Research Article: Typology, technical efficiency and scale economy of dibiteries in Dakar, Senegal

Date Published: December 12, 2019

Publisher: F1000 Research Limited

Author(s): Malik Orou Seko, Walter Ossebi, Gnamien Sylvain Traoré, Andrée Prisca Ndjoug Ndour, Jasmina Saric, Gilbert Fokou, Daouda Dao, Bassirou Bonfoh.


Background: In recent years, a profound transformation has been observed in the eating habits of the populations of African cities, induced by accelerated socioeconomic and demographic growth. In Senegal, these changes have manifested in the proliferation of collective informal catering enterprises, such as the ‘
dibiteries’, where the roasted meat of sheep is prepared and sold. The rise of the average household income has contributed substantially to increasing levels of meat consumption, leading to the expansion of the
dibiteries. The purpose of the current work was to evaluate the managerial performance of these establishments in Dakar, Senegal.

Partial Text

In Senegal, livestock management occupies nearly two-thirds of the country’s agricultural households and constitutes, together with agriculture, the main activity of the rural populations and the main supplier of food and income. The livestock subsector has experienced a real dynamism in recent years, with sustained performances, particularly in the production of meat and milk (
Sénégal, 2018). According to the Ministry of Livestock and Animal Products, almost all meat supply in Senegal in 2015 derives from poultry (36%) and ruminants (i.e. 35% cattle, 14% sheep and 9% goat); representing the protein sources in 21% of all evening meals in urban areas, only surpassed by fish, which accounts for 75% of all animal protein on the dinner plate (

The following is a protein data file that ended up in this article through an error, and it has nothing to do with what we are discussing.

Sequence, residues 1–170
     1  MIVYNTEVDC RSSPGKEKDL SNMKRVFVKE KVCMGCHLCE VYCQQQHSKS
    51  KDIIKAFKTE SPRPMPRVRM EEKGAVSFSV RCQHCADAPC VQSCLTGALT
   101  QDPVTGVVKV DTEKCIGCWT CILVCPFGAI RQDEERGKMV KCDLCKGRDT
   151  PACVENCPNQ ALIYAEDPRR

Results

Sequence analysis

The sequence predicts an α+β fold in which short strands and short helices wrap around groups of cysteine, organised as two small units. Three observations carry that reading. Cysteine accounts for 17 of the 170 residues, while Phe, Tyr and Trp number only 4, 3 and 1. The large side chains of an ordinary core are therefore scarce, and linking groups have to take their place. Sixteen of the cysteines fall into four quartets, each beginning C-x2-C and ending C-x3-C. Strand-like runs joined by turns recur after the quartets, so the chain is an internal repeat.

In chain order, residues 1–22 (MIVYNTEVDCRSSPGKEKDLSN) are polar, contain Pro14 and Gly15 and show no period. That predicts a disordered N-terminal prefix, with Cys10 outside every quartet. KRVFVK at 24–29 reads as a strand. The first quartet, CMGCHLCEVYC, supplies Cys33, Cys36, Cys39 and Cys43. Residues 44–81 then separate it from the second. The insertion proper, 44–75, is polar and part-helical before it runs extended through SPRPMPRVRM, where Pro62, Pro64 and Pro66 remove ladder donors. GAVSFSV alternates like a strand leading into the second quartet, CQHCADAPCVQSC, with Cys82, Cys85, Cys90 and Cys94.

et al., 2001;
Sénégal, 2017). Mutton in particular is the preferred choice in collective catering and religious receptions such as the ‘
Magal of Touba’ because of its nutritional value and its socioeconomic and cultural importance. This species is bred for the self-consumption as well as to supply for Muslim festivities.

On the basis of the inclusion criteria, 165
dibiteries were surveyed in the Dakar region; 50 in Dakar, 50 in Pikine, 50 in Guediawaye and 15 in Rufisque. After removal of those
dibiteries that did not comply with the conditions of the DEA method, the initial sample was reduced to 152
dibiteries (76%).

With average efficiency scores less than 1,
dibiteries are inefficient technically and in terms of scale. In general, the global technical inefficiency of around 26% observed, seemed more related to scale inefficiency than to pure technical inefficiency. This situation is due to the fact that the majority of these
dibiteries are in situation of increasing returns to scale by using more production inputs (resources for braised meat production) for a low level of production (braised meat sold). Thus, these dibiteries that are operating scale inefficiently are doing so because of the not adapted size of their operations rather than because of they use technically inefficient production mixes. Only 20% evolve and operate in a situation of constant returns to scale. However, by following best practices,
dibiteries can make gains by reducing the consumption of their input factors, while producing the same quantity of outputs. These gains could be used for training good hygiene practices on handwashing, cleaning and disinfecting grilling tools, optimizing work space and training staff.




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